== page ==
Thursday, November 3, 2011

Setting universal debt paydown straight

Not that this will get the article any more hits, but I strongly recommend Bob Murphy's takedown of the all-too-common belief that it's somehow impossible or damaging for everyone to reduce or eliminate their debts. It was in response to the latest articulation of the idea by Paul Krugman.

Really, folks, any economy that relies on a certain level of indebtedness is not an economy I care to defend, as it rests on a poor foundation. The purpose of an economy is to provide people with the best consumption/leisure/labor bundle possible, not to goose the hippest new econometric.

5 comments:

jsalvati said...

Agree: The purpose of an economy is to provide people with the best consumption/leisure/labor bundle possible, not to goose the hippest new econometric.

Disagree: Really, folks, any economy that relies on a certain level of indebtedness is not an economy I care to defend, as it rests on a poor foundation.

Certainly debt is not a priori good, but lots of Austrian types seem to think of debt as a priori bad, and it's very popular to think of "high level of debt" as bad. This is just confused: debt is just a particular kind of contract and not particularly special and thinking of it as special is bound to be flawed.

Silas Barta said...

I wasn't claiming that debt is a priory bad, just that for an economy to fundamentally rely on the existence of debt is bad. In other words, if an economy is at the point where chaos would ensue from everyone deciding to pay off all debt, then something is fundamentally wrong with it, and that thing needs to be fixed.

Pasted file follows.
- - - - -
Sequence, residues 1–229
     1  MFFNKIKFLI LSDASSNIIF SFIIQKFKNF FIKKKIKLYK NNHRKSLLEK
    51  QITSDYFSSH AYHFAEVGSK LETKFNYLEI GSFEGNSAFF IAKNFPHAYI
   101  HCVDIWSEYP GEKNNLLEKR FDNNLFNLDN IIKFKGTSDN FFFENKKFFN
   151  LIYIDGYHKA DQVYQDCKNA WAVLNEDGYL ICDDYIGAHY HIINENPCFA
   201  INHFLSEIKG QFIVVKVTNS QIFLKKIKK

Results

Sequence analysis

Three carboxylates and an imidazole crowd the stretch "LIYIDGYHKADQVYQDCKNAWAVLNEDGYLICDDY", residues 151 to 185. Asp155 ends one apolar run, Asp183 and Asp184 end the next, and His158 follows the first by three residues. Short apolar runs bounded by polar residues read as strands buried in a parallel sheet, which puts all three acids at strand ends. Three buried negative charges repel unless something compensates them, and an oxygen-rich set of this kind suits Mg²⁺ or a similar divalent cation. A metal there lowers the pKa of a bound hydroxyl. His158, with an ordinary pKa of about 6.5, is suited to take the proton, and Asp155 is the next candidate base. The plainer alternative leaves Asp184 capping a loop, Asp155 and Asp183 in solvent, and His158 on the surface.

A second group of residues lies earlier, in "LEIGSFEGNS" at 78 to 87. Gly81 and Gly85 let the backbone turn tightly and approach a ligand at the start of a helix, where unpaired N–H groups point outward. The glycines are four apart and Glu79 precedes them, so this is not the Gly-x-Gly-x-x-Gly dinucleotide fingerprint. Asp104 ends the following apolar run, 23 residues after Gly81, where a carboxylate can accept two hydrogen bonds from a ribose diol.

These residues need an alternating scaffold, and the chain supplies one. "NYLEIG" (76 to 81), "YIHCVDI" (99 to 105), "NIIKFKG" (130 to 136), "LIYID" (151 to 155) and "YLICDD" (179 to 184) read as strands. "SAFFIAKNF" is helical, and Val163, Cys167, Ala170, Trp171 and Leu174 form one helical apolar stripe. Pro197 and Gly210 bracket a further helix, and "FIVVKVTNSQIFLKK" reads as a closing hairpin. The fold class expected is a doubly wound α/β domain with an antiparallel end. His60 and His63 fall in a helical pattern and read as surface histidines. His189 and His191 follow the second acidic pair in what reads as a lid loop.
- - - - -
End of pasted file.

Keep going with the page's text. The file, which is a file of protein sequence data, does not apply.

jsalvati said...

I mean, it certainly sounds *weird* and perhaps fragile (which is bad), but it sounds like you're trying to say something beyond that. Specifically it sounds like your cultural upbringing (the sense that debt is something to be avoided unless it has big benefits) is influencing your judgments about the arrangement of the economy in a way I don't think is very useful. I'm sympathetic because I and the people around me have also gotten this message that debt is something to avoid (unless the upside is big).

But debt isn't special. If people stopped wanting to engage in "investment" it would also result in big changes. Would you make a similar statement about equity contracts?

Silas Barta said...

Yes, I would. No economy should depend on people entering equity contracts either. Equity was made for man, not man for equity (at least I hope I'm using that allusion correctly).

electronic signature said...

Yes i am also agree on the purpose of an economy is to provide people with the best consumption/leisure/labor bundle possible, not to goose the hippest new econometric.